Tax Questions & Answers


What are Class 1A National Insurance Contributions and who has to pay them?

A Class 1A NICs are payable by employers (not employees) on benefits in kind provided to employees. The charge is based on the cash equivalent value of the benefit as reported on the P11D. The Class 1A rate is the same as the Class I NIC rate paid by employers, that is 12.2% for 2000-01 and 11.9% for 2001-02.

Q What are they charged on?

A When they were first introduced in April 1991, Class 1A NICs were charged only in respect of cars and private fuel provided to employees. However, from 6 April 2000, they were extended to include most taxable benefits in kind.

Q When are they paid?

A They are payable annually in arrears. For example, the Class 1A liability for the tax year 2000-01 is due on 19 July 2001.

Q How are they reported?

A The form for reporting Class 1A NICs (Form P11D(b)) for 2000-01 needs to be filed by 6 July 2001. This is the first year that these forms need to include details of Class 1A NICs due on almost all benefits in kind, and not just company cars and car fuel.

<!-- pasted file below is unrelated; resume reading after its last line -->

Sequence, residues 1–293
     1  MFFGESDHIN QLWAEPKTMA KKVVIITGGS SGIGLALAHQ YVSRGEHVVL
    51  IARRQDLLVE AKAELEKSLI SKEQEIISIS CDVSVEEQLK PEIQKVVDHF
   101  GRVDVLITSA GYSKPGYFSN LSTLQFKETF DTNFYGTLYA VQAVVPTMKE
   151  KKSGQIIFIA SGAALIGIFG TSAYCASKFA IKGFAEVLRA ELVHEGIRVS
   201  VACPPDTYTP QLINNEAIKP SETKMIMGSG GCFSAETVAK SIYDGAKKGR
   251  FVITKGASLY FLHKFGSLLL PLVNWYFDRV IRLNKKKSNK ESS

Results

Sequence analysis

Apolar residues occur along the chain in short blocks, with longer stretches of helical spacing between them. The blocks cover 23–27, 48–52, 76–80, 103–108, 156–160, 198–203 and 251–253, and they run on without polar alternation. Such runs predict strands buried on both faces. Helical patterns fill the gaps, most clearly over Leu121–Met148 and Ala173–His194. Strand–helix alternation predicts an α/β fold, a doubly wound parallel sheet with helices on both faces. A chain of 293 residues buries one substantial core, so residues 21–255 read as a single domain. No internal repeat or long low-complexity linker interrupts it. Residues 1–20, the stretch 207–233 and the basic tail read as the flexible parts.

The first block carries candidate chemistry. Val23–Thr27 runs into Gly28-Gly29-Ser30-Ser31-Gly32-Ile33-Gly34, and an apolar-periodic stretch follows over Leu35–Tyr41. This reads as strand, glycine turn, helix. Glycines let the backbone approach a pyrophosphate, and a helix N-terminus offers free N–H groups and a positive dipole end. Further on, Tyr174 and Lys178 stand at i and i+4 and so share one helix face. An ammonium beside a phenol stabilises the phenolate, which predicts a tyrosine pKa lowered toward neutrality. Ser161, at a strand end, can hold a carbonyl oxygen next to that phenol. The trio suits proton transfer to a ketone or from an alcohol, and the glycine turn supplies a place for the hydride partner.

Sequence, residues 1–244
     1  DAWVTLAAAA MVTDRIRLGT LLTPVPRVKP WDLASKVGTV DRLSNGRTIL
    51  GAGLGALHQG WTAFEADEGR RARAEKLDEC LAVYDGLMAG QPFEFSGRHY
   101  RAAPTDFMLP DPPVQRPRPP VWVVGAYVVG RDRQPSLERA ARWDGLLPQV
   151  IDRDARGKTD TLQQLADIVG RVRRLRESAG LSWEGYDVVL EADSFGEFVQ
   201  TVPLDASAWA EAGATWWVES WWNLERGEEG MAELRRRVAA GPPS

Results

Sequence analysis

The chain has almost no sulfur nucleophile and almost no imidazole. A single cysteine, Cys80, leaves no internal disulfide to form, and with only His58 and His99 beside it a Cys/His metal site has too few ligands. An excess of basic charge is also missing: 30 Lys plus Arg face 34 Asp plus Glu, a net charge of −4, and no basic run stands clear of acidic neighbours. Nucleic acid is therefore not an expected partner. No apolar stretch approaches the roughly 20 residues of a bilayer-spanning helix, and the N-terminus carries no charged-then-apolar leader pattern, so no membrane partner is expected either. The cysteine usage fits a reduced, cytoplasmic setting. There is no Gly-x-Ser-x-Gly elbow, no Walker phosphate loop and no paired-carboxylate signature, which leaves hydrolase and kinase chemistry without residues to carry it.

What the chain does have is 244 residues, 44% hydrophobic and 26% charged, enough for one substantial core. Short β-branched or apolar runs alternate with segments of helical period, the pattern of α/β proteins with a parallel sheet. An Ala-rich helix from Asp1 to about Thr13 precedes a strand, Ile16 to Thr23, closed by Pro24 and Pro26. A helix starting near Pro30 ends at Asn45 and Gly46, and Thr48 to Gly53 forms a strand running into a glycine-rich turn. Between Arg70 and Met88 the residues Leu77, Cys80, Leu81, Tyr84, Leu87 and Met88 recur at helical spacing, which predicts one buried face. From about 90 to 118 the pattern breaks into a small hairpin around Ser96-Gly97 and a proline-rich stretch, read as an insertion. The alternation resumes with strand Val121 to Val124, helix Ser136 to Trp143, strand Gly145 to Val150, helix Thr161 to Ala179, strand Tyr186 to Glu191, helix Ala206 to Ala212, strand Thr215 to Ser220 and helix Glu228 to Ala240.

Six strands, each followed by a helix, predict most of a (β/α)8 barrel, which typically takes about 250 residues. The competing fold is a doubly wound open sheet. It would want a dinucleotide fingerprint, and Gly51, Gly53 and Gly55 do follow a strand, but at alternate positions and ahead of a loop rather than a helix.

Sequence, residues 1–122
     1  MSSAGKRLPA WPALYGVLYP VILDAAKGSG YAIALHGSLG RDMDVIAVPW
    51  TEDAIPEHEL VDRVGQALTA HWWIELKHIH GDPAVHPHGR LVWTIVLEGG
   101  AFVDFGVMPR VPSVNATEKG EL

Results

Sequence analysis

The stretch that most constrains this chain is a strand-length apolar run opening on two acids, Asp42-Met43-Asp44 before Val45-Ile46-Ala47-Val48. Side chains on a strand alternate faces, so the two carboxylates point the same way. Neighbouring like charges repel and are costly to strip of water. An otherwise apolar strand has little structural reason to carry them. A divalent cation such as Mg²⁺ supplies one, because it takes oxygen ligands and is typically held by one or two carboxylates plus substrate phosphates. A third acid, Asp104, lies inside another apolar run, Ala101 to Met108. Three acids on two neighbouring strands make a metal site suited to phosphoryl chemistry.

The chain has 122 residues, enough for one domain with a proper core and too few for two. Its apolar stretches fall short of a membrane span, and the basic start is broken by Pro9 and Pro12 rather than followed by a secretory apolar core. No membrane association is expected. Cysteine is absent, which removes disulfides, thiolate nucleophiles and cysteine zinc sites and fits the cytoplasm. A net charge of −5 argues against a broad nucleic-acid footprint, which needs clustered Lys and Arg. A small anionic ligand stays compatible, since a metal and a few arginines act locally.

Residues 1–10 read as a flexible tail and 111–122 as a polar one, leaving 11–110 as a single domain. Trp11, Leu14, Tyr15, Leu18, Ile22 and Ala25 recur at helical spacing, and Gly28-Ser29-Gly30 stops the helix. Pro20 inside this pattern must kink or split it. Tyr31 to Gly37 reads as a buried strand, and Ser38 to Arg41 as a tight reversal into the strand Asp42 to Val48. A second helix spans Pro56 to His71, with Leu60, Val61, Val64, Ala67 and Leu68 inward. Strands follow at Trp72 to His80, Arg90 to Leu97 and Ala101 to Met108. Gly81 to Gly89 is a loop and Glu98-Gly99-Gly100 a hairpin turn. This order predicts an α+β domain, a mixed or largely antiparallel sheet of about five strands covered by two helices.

Q How do I get further help?

A The Revenue produces a leaflet ‘Class 1A National Insurance Contributions on benefits in kind – an employer’s guide’ (CWG5 (2000) Issue 2). It includes a useful summary of whether benefits are liable to Class 1 or Class 1A NICs and is available on the Revenue’s website (

Employers struggling with Class 1A NICs can call the Revenue’s employers helpline on 0845 7143 143. Lines are open from 8:00am to 8:00pm, Monday to Friday, and 8:00am to 5:00pm, Saturdays and Sundays.

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